Over the years, there have been many different offshore banking scams. Individuals have deposited large amounts of money into these offshore banks and then have been unable to retrieve the money. The lack of regulation played against the individuals in this case. When investing in this type of bank, an investor has to be very cautious and do a large amount of research about the company. In many cases, individuals should only consider doing business with banks that have branches within their native country as well.

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wiseGEEK – What Is Offshore Banking ?



The Members 'Offshore Banking Business' 20.3.14
Filmed At The Horns, Watford, Hertfordshire. Thursday 20th March 2014 JC Carroll – Guitar/vocals Chris Payne – Bass/vocals Nick Cash – Drums Nigel Bennett – …

By: punkrocksal

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The Members ‘Offshore Banking Business’ 20.3.14 – Video



The $21 Trillion Hole in the Global Economy a.k.a. Offshore Banking

By: Kai Friedrichs

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The $21 Trillion Hole in the Global Economy a.k.a. Offshore Banking – Video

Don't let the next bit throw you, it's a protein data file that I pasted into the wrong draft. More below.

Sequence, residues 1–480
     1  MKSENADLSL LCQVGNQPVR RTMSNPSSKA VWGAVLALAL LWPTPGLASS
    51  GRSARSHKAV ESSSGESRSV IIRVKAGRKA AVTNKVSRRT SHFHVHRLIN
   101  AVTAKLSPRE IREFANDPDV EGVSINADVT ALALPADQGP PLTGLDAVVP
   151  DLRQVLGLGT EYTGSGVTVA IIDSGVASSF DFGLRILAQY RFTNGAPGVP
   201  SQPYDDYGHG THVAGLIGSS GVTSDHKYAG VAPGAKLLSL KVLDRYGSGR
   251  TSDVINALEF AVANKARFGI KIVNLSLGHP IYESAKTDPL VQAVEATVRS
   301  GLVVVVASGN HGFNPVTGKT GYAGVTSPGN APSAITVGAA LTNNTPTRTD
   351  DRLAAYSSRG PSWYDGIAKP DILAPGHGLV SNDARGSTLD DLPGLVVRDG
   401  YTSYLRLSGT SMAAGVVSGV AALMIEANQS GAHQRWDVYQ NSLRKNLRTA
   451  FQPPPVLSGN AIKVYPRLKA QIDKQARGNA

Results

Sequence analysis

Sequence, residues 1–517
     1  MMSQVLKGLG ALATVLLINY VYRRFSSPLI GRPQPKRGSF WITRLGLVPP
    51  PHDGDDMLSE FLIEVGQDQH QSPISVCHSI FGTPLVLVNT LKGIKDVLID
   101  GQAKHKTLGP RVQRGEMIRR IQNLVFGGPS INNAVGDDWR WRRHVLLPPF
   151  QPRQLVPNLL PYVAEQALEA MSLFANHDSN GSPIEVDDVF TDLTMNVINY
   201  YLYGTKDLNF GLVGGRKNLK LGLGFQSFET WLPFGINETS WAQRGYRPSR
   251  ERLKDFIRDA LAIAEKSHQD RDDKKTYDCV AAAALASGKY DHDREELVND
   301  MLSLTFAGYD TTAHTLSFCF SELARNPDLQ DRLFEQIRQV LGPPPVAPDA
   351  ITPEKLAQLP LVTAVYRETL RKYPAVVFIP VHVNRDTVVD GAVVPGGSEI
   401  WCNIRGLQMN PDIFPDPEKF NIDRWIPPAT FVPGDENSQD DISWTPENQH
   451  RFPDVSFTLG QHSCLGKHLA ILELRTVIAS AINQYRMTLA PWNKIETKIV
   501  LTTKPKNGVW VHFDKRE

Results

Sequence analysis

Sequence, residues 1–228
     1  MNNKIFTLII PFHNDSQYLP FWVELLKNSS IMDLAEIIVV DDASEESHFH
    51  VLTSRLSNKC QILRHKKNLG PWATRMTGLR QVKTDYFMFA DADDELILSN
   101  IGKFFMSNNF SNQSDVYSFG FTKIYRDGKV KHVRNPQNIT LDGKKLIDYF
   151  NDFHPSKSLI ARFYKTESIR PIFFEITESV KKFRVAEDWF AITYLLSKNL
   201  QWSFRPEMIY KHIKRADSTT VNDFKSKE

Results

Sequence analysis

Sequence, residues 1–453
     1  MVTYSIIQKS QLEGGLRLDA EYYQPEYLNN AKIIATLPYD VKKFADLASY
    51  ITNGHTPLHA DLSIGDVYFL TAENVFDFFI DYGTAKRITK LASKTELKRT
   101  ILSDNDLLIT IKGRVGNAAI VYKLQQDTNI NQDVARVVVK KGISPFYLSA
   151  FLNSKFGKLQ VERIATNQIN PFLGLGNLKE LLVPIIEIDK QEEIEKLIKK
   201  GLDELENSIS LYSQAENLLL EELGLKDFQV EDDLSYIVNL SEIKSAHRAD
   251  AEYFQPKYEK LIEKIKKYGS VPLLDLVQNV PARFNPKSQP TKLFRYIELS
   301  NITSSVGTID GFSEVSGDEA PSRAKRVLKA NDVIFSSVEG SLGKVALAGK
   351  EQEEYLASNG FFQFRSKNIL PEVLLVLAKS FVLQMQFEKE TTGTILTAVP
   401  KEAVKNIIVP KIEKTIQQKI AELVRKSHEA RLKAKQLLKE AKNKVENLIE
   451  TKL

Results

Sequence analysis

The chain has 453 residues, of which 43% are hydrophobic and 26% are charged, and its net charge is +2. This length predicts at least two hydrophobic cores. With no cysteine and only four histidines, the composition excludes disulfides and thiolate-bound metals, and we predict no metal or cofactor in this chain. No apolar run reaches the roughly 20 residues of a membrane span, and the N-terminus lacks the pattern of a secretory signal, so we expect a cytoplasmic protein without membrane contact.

WASHINGTON: The U.S. has expanded its action against tax cheaters to countries such as India, Israel and Liechtenstein, a top U.S. official told lawmakers. So far, the U.S. action was primarily focused against tax cheaters on Switzerland. “While the (Justice) Department’s initial efforts and this hearing have focused on Switzerland, we have expanded our investigations to go after tax cheats and the banks assisting them in India, Israel, Liechtenstein, Luxembourg, and several Caribbean countries,” the Deputy Attorney General, James M Cole, told a Congressional committee.

Since 2009, the Department has publicly charged 73 account holders and 35 professionals with violations arising from their offshore banking activities, and 72 individuals have pleaded guilty or were convicted at trial, he said. “Just as importantly our enforcement efforts have driven over 43,000 taxpayers with secret offshore accounts to identify themselves to the IRS, disclose their offshore accounts, and to pay a total of over $6 billion in back taxes, penalties and interest. And that number is growing,” he said.